# Diagonalization/ dupe for monads and tuples?

Markus Läll markus.l2ll at gmail.com
Fri Sep 25 12:54:30 UTC 2020

```How about `eitherId` for the `Either a a -> a`? I.e one usually does
`either id id` to extract either value.

`fromEither` isn't a bad idea, but it's long.

On Wed, Sep 23, 2020 at 3:49 PM Carter Schonwald <carter.schonwald at gmail.com>
wrote:

> Rob,
> 1) your foldEither is way better and I love it.
>
> 2) this is a way more pleasing Avenue of design for the tuple and either
> combinators ! Thank you for sharing this great little exposition.
>
> On Wed, Sep 23, 2020 at 8:20 AM Rob Rix via Libraries <
>
>> TL;DR: maybe we can think of this as combining disjoint empty & non-empty
>> cases of folds.
>>
>> Every time I’ve wanted to define something like this I’ve found myself
>> dissatisfied because of this asymmetry.
>>
>> Looking at it from another angle, I frequently encounter a vaguely
>> similar situation with folds: given some collection which can be empty or
>> non-, I want to fold over it with a function if non-empty, or return a
>> default value if empty:
>>
>> foldr1OrDefault :: Foldable t => (a -> a -> a) -> a -> t a -> a
>> foldr1OrDefault f z t
>>   | null t    = z
>>   | otherwise = foldr1 f t
>>
>>
>> This is a bit like Control.Lens.Fold.foldBy in lens, except that the
>> combining function f does not receive z at any point. Quite useful when you
>> have a Semigroup but not a Monoid, or when you otherwise want to treat the
>> empty case specially.
>>
>> fromMaybe is a special case of this function, without the conceit of
>> pretending that Maybe can hold multiple values. I’ve sometimes involved
>> Maybe in this construction for just that reason when e.g. a is a Semigroup:
>>
>> fold1Maybe :: (Foldable t, Semigroup a) => t a -> Maybe a
>> fold1Maybe = foldMap Just
>>
>> fold1OrDefault :: (Foldable t, Semigroup a) => a -> t a -> a
>> fold1OrDefault z = fromMaybe z . foldMap Just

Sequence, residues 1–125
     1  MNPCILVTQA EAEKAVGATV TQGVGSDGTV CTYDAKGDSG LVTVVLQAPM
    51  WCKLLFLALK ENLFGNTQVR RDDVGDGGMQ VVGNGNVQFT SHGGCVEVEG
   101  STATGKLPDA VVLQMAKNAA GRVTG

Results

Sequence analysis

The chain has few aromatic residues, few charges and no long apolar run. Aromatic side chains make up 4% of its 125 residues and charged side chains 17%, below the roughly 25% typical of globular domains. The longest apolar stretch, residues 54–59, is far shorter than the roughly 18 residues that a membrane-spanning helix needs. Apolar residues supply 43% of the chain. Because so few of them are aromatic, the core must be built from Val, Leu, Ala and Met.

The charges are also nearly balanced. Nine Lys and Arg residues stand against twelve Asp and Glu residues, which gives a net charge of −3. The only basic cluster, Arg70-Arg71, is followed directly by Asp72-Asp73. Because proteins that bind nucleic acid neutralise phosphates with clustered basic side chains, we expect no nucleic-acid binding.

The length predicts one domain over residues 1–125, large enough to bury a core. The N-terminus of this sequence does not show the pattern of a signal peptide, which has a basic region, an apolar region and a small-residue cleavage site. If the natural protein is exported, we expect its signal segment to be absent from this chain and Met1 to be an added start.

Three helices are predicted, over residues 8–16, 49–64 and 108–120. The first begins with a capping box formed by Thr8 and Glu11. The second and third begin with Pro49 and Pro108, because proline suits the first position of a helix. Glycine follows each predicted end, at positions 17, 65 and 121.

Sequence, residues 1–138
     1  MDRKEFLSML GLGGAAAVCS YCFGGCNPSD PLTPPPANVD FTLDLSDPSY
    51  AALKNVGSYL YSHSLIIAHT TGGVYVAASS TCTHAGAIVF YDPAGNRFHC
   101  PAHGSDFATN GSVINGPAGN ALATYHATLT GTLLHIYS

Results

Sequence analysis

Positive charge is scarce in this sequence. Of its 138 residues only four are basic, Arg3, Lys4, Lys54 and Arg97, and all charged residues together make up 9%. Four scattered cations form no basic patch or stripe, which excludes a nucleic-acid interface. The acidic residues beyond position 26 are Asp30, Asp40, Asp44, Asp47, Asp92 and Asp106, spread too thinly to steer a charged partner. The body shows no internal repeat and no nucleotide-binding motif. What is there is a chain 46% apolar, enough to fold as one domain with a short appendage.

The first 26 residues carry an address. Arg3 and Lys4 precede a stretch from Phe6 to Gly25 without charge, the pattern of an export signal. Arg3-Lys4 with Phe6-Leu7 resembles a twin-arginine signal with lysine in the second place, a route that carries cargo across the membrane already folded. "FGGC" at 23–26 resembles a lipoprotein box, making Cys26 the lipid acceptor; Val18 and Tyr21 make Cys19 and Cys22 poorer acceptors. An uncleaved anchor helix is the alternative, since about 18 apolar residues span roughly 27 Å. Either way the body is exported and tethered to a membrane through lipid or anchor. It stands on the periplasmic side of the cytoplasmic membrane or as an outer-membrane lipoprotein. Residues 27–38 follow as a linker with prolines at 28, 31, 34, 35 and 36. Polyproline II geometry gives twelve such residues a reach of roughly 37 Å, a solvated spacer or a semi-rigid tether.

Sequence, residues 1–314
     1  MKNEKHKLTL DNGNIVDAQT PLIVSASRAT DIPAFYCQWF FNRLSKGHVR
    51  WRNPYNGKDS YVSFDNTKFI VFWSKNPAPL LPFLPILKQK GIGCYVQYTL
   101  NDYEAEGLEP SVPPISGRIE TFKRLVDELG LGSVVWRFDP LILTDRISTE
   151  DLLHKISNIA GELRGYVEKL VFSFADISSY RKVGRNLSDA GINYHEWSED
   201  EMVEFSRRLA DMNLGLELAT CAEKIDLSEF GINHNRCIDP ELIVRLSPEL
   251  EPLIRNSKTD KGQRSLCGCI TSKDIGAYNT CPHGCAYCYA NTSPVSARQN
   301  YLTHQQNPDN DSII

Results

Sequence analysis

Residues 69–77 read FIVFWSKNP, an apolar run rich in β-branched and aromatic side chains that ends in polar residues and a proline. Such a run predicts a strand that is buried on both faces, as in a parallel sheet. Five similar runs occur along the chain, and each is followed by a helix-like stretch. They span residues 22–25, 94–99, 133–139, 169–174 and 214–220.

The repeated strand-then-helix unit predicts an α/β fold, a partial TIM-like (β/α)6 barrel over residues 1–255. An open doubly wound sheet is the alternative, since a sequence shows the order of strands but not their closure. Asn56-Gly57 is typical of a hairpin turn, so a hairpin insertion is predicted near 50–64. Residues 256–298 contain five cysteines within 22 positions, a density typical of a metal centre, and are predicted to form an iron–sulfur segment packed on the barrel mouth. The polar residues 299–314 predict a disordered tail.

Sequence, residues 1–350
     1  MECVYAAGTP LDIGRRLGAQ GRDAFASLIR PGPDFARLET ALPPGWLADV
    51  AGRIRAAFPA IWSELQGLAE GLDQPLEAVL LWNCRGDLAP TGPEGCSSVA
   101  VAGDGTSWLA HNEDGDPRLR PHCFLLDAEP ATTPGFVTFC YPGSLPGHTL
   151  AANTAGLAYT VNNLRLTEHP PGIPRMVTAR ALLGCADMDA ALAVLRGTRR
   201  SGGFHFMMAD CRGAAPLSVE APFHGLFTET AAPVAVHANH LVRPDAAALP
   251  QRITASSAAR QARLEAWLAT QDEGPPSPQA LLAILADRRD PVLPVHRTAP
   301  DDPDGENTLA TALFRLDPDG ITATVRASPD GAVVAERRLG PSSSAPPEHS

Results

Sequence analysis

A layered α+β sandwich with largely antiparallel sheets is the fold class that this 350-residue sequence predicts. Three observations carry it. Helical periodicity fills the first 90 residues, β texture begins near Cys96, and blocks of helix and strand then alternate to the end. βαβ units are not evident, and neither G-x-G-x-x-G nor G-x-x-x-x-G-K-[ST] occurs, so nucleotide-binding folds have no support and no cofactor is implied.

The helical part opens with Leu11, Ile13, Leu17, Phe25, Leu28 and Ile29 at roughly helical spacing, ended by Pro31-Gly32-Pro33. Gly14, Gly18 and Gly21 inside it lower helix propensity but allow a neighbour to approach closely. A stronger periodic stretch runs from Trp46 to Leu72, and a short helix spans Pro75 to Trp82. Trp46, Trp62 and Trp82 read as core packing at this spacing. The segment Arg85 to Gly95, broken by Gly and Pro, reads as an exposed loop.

>>
>>
>> (All of these names are intentionally bad because I don’t want to propose
>> adding these functions anywhere just yet.)
>>
>> For Either (and These for that matter), a full generalization also has to
>> deal with the extra information in the null case, i.e. Either b a would
>> need (b -> a) instead of a:
>>
>> fromEither :: (b -> a) -> Either b a -> a
>> fromEither f = either f id
>>
>>
>> I’m surprised about once every six months that this doesn’t exist (and
>> then surprised again when consulting the types that fromLeft/fromRight
>> aren’t either this *or* analogous to fromJust).
>>
>> All of which is to say, I think I would prefer to have the generality of
>> this fromEither to the a -> Either a a -> a version, but it’d be nice to
>> figure out a way to see it as a fold, too. Maybe the Bifoldable1 instance
>> for Either has something to contribute here?
>>
>> Rob
>>
>> On Sep 17, 2020, at 1:13 PM, Philip Hazelden <philip.hazelden at gmail.com>
>> wrote:
>>
>> On Thu, Sep 17, 2020 at 5:59 PM Jon Purdy <evincarofautumn at gmail.com>
>> wrote:
>>
>>> { fromMaybe, fromLeft, fromRight, fromEither, fromThese, fromDynamic, …
>>> } extracts “the” value out of a { Maybe, These, Dynamic, … } with a
>>> suitable default if “it” isn’t present.
>>>
>>
>> Hm. A weird thing about fromEither compared to (I think) all the rest of
>> these, is that the type of the Either isn't fully general. That is,
>> fromLeft and fromRight take an `Either a b`; fromThese takes a `These a b`.
>> But the proposed `fromEither` takes an `Either a a`.
>>
>> This maybe isn't a big deal. Just seemed worth noting.
>>
>>
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